Hi to all of our followers out there! Today we visited 3 historical sites. We had a private coach pick us up at our wonderful home the Southcliff Hotel. (It is by far my favorite accommodation this entire trip. I would say we are very spoiled in getting to stay here.) We traveled to the beautiful city of Pembrokeshire, which is the smallest city in Great Britain and checked out St. Davids Bishop's Palace and St. Davids Cathedral which Jenny gave us a tour of.
I'll start with the Bishop's Palace. It was built in about 20 years by Bishop Henry de Gower. The palace was carved with very intricate designs of both faces and creatures. There were over 200 sculptures that once decorated the palace.You can tell that one of the main purposes of this building was to impress its visitors. The great hall porch has two statues at its entrance one of King Edward III and one of Queen Philippa. Along one wall there are big beautiful arches that line the top, these arches were called arcaded parapets. On one end of the great hall there is a big round window, that was carved from sandstone that came from Bath. Under the building lies the under crofts where the servants would have worked. The building is beautiful and there were several staircase that we climbed which gave us a great view of the entire place. (Sorry I haven't had much luck loading pictures onto the blog the computers are a bit temperamental.)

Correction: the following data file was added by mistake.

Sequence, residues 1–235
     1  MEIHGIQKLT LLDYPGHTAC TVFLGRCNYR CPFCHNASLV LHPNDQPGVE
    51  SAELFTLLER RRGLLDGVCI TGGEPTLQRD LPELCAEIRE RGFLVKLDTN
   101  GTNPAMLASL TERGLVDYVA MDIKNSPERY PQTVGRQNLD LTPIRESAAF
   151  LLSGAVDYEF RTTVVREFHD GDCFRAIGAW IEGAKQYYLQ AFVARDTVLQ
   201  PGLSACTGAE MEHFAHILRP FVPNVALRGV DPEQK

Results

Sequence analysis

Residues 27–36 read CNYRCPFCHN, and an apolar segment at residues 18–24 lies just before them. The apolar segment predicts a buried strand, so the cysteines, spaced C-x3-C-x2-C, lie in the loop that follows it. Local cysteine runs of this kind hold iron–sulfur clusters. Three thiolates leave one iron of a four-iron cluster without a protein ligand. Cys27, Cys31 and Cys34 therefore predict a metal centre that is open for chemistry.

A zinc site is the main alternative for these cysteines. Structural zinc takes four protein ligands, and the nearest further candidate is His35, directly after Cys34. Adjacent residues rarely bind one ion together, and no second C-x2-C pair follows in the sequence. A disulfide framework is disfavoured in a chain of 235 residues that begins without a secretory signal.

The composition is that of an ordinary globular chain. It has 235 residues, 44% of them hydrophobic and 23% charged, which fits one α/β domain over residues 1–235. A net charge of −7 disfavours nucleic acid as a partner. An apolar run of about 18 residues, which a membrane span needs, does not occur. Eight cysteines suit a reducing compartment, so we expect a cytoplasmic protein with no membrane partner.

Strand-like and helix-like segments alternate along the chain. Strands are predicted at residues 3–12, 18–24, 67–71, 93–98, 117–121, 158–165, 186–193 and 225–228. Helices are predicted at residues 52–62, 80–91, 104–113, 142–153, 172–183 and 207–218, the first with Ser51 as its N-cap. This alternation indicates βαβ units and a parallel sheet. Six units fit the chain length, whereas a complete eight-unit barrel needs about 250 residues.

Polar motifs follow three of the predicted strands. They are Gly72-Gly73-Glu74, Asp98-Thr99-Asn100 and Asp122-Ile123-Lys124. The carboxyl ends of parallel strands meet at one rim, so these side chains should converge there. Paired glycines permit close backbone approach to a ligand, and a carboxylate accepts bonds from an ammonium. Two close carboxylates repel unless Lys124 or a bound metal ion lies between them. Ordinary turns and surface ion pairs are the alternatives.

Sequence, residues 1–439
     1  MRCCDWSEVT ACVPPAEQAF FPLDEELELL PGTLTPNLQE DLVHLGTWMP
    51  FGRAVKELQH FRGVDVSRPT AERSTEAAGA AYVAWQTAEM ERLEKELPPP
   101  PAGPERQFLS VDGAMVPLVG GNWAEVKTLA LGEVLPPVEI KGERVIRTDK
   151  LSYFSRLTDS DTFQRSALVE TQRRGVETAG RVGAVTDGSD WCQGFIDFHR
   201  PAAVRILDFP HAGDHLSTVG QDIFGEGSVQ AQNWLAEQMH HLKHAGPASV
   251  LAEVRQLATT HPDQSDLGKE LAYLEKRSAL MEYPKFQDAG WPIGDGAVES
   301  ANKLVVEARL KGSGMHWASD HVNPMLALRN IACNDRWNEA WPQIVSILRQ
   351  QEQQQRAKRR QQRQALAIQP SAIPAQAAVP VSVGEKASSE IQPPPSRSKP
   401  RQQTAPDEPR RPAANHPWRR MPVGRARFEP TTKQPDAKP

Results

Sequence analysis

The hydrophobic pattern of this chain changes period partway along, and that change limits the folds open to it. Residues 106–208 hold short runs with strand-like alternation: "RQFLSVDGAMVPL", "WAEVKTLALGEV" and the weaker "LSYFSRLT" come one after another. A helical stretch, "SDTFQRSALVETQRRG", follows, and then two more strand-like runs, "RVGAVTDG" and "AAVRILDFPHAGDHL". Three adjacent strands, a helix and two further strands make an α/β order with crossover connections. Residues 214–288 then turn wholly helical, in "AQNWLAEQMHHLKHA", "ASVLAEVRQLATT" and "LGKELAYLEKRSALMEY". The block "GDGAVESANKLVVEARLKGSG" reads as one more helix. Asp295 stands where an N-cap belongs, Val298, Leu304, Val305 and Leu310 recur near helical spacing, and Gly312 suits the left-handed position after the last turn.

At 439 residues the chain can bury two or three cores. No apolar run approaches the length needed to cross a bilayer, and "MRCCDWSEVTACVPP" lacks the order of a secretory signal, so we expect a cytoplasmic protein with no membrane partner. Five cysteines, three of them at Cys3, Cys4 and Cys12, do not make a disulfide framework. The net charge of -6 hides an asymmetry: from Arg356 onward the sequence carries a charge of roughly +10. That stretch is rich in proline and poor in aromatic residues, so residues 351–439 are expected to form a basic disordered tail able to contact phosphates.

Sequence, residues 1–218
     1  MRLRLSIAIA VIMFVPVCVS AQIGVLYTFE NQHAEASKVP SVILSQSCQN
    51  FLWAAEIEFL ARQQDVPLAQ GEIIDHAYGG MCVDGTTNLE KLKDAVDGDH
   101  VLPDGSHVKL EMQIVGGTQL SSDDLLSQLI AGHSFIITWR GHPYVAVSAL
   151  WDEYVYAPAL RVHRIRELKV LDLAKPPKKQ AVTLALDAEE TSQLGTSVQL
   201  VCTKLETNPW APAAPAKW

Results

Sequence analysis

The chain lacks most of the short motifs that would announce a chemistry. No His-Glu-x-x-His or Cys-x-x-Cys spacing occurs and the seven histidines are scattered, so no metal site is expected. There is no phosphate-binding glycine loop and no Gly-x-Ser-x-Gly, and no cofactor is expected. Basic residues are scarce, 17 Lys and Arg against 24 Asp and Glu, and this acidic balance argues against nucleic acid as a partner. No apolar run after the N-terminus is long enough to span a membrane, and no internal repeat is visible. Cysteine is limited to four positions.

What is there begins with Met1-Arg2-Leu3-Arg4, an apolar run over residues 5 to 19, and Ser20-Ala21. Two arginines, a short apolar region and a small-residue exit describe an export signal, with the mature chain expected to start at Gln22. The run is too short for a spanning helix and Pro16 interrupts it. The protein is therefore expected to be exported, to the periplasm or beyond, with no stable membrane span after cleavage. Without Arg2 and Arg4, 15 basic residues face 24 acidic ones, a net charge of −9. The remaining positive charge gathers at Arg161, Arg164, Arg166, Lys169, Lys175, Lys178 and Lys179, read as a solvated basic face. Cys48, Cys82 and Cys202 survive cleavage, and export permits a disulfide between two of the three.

Next we headed back up the way to St. Davids Cathedral, where Jenny gave us a presentation. The cathedral was very unique its floor slops from one end to the other with a 13 foot difference. The walls also bow out and the roof has been replaced with a wooden roof to prevent the entire building from collapsing on itself. There have been many added memorials over the years and several restorations. The building has been a place of worship for over a thousand years, so you can imagine all of the wear and tear on it. The two things that I liked the best about this cathedral were the round stained glass window on in the side isle of the nave that had been moved up when the walls were made taller, and the six bays that were all carved differently in the nave. They were beautiful!
Lastly we returned to Tenby and visited the Tudor Merchant's House. The house has been restored to look like a middle class house that a successful Tudor merchant would have lived in with his family. The family would have lived on the first and second floor. On the first floor the merchant would have sold his goods from the from the side of the house that was closest to the street or market. The back and second floor would have been the kitchen, garden, dinning room, and bedroom chamber.
The rest of the night we had to ourselves and we all split up for dinner and hung out at the pubs and at the beach, which I might say was absolutely beautiful. See you all soon!